Stephen Burrows was born in 1943. After studying at the Philadelphia Museum College of Art as well as the Fashion Institute of Technology in New York, Burrows went to work in 1968 for the New York departmental store Henri Bendel.
He had his own store-within-a-store, where customers came for simple jersey and chiffon outfits which defined the New York style of the early 70's.
In 1971, famous designer Halston told Interview magazine that "Burrows is one of the unrecognized geniuses of the fashion world, he gives the most original cut in America and the thing is really cut."
With partner Roz Rubenstein, he left Bendel in 1973 to open his own design house. Early in his career, he was noted for his adventurous approach to clothing design and construction. He created garments in leather, notably a nail-studded black jacket and patchwork trousers. He was awarded the prestigious Coty Fashion Award in 1973, and again in 1974. In all he collected 3 Coty Awards during his career. Also in 1973, Burrows took part in the legendary Franco-American fashion extravaganza at the Palace of Versailles in France alongside Oscar de la Renta, Bill Blass and Yves St. Laurent. There has been a gap when Burrows was not in the headlines. He did not stop designing clothes, but had a special made-to-order and bridal business. For a while he moved to New Jersey to take care of his brother who died of AIDS.
In March 2002, the 59 year old 3-time Coty Award winner, opened a new boutique in New York. In the year 2000/2002, the city of New York decided to honour American fashion designers by placing bronze plaques along the pavement of 7th Avenue, the great street of fashion in New York. This has been called the "FASHION WALK OF FAME." Stephen Burrows was one of those honoured. Last year Henri Bendel relaunched Burrows with a brand new in-store atelier. After a long break from catwalk shows, Stephen Burrows took part in New York Fashion Week in February 2003. He showed a collection of garments for Fall 2003 which were greatly admired.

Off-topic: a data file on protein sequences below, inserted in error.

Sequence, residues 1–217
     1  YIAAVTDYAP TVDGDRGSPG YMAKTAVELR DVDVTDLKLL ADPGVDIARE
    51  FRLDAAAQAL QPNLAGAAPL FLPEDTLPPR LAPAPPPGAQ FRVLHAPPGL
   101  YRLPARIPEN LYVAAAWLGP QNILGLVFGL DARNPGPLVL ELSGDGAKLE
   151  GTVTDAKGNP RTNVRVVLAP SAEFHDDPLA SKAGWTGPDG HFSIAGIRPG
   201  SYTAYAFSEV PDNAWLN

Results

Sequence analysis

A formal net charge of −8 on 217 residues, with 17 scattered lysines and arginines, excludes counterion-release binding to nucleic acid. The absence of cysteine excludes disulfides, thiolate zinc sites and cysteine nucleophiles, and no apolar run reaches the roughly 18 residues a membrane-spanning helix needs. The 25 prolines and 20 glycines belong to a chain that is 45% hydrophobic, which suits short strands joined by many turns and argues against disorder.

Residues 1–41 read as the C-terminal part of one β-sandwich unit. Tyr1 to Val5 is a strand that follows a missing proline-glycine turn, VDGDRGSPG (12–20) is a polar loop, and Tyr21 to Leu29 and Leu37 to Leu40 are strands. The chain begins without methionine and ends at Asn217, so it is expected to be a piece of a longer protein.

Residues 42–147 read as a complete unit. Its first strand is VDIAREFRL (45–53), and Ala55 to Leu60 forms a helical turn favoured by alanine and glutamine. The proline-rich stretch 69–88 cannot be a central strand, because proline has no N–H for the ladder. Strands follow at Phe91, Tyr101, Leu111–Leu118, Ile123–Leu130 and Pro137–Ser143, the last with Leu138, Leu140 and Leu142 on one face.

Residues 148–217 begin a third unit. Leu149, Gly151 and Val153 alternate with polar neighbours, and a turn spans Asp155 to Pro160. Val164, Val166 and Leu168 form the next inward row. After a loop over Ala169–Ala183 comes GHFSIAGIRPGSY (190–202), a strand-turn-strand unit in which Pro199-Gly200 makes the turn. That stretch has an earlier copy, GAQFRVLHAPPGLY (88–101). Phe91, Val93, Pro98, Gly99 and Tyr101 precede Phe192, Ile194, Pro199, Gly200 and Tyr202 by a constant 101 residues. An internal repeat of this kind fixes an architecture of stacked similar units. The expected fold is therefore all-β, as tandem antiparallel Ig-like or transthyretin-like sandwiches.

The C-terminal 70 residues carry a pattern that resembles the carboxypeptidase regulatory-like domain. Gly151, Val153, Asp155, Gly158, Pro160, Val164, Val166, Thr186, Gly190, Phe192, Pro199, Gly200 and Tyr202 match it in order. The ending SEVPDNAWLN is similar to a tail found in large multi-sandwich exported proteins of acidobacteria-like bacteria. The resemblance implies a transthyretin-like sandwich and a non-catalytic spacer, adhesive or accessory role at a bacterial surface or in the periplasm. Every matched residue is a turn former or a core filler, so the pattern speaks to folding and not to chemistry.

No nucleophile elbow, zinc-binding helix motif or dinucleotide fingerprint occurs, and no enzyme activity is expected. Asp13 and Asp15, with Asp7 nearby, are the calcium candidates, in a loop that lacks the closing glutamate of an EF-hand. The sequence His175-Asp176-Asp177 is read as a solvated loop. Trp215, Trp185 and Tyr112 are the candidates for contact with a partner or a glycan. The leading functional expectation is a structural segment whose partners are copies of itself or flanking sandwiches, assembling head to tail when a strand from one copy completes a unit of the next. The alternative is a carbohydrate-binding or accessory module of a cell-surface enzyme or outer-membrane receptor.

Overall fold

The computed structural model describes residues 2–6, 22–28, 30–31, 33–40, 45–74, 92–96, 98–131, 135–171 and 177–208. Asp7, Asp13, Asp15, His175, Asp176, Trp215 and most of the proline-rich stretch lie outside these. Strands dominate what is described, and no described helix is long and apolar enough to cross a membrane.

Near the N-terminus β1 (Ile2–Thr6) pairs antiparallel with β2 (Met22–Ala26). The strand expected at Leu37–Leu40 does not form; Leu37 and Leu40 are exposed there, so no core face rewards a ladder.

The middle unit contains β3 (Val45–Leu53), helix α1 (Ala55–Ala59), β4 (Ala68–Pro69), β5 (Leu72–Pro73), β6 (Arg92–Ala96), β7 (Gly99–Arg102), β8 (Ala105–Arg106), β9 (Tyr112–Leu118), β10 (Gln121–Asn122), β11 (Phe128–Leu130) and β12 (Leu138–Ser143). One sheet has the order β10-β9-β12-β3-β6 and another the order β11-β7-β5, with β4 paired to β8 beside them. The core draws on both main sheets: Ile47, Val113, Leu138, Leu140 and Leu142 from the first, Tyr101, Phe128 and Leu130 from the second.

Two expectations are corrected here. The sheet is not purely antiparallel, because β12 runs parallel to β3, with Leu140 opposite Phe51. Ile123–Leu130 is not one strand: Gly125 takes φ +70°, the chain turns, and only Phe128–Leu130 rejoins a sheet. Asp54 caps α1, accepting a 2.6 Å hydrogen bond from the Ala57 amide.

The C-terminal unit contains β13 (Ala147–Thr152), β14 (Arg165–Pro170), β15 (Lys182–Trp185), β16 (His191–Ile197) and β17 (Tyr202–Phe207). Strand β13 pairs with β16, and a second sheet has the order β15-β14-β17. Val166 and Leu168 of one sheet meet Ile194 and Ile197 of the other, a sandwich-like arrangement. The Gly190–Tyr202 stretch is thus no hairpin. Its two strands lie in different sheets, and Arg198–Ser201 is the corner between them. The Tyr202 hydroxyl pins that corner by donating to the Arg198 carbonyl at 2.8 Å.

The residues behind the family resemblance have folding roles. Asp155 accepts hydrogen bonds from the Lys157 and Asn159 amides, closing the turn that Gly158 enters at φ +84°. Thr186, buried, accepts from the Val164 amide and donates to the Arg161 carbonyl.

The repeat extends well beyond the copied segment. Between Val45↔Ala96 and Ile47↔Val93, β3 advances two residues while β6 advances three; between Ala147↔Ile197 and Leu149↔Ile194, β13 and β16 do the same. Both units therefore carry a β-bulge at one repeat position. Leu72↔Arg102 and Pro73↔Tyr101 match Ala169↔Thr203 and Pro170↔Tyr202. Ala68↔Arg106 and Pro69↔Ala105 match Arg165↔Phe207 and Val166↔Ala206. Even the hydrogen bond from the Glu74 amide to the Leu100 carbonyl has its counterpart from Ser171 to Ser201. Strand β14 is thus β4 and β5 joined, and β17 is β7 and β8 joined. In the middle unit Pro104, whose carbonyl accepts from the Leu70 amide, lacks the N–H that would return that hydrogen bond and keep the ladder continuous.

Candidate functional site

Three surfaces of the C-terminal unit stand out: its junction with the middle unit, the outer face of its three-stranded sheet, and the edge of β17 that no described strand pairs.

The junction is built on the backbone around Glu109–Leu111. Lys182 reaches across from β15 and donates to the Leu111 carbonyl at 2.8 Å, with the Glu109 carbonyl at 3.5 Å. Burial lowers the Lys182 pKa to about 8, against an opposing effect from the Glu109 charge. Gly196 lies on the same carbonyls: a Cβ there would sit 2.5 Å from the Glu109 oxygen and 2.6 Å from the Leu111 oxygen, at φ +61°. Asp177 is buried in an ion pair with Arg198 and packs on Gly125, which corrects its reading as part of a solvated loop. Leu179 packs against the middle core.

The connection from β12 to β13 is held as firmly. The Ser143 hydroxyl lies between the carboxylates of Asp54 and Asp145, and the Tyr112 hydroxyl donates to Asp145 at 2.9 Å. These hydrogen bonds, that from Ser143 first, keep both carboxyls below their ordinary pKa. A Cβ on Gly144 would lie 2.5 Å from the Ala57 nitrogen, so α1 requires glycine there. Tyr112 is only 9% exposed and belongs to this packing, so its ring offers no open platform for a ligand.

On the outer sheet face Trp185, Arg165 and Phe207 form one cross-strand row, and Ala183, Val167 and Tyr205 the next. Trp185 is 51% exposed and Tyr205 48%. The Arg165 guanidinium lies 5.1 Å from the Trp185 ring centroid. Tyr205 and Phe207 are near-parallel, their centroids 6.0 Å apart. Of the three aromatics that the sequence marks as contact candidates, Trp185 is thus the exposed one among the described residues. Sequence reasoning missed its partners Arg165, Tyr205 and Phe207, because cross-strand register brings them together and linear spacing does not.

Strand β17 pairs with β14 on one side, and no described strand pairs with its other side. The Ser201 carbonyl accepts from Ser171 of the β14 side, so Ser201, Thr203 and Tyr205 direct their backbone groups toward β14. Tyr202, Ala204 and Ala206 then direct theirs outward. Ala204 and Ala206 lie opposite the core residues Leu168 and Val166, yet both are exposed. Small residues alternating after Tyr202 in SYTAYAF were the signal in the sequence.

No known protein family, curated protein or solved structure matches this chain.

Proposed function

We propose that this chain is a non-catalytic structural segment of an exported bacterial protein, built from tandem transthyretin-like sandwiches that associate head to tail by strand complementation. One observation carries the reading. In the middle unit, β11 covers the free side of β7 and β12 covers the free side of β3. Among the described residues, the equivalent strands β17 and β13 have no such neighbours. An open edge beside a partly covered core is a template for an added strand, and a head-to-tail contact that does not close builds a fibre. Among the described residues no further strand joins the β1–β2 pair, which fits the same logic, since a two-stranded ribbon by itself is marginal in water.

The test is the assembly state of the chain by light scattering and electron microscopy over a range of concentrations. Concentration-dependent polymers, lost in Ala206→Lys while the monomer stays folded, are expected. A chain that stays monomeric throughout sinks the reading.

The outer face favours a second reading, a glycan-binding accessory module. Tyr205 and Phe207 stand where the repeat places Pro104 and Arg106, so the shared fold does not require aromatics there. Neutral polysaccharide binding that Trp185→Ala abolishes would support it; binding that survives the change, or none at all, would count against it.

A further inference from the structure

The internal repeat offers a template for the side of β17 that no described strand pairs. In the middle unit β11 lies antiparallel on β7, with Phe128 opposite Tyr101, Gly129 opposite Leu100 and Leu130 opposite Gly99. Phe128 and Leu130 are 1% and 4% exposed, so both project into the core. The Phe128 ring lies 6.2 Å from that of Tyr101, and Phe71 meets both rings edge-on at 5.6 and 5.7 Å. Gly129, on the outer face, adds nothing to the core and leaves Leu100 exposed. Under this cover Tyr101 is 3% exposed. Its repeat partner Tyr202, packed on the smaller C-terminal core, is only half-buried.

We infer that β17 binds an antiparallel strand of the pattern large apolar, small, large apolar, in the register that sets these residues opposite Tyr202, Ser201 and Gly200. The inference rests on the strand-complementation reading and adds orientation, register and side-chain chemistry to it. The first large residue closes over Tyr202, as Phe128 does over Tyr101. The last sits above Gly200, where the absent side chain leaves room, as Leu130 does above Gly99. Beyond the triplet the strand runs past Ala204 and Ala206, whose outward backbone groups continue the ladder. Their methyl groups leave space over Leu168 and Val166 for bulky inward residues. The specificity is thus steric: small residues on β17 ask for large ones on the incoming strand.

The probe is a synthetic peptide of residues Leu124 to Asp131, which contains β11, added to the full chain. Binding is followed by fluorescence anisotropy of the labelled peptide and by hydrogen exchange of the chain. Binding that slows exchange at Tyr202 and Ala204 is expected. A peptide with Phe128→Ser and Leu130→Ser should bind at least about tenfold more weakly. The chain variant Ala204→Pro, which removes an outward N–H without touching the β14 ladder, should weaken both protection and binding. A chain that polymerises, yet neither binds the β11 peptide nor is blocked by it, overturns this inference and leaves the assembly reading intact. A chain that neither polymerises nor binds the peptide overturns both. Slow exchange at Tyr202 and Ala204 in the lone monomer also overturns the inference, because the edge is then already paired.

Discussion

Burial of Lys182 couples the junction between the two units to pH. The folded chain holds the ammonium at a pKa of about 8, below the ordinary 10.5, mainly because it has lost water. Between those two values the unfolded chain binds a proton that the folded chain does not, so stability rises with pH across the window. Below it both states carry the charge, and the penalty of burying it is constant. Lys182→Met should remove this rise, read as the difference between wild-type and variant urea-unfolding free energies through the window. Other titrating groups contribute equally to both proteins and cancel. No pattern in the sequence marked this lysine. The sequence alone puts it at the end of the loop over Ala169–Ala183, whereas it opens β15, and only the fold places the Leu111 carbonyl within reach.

Friends with Warhol, dressing Cher, partying at Studio 54: Stephen Burrows was the designer for the drug-laced disco days - and one of the first African-American names in the industry. Known for his signature "lettuce hems" and sexy, flowing chiffons, Burrows notably exaggerated stitching instead of hiding it, and often used bright colours like red for the thread. After his clothes sold successfully at O, a NYC gallery-boutique located across from Max’s Kansas City, Henri Bendel's created an atelier in the basement of their store called "Stephen Burrows' World." But in 1982, Bendel's was sold, and Burrows' fame and fortune went with it. In 2002, after 20 years of obscurity, he made one of the biggest comebacks in fashion history with a re-vamped Bendel’s boutique and, later, Fashion Week shows. Soon after, he also debuted a watered-down version of his line on the Home Shopping Network.
Lots of chiffon - gathered, draped, and always sexy; vibrant disco-era colours like fuchsia, orange and turquoise; mini-miniskirts; and, most of all, soft, sumptuous jersey. His hallmark was the highly visible use of machine-made stitching, often zigzags, which he used on the hemlines of skirts, creating a fluted, crinkled effect that was often described as a "lettuce-edge". He top-stitched in contrast colours and inlaid patches of colour. Burrows is known for comfortable, supple leisure clothing and for bright, body-conscious garments. One of Burrows favourite cuts is the asymmetric (where the hem is cut on the diagonal) about which he said "there is something nice about something wrong". But while there are elements of Burrow’s past success, his current collections are modern and functional, and made for the world today. The clothes are so comfortable-yet-sultry that one model exclaimed, "Wearing Burrows makes me feel like I'm walking into a room naked!"
Vanessa Williams, Pat Cleveland, Alva Chin. Andre Leon Talley loves him.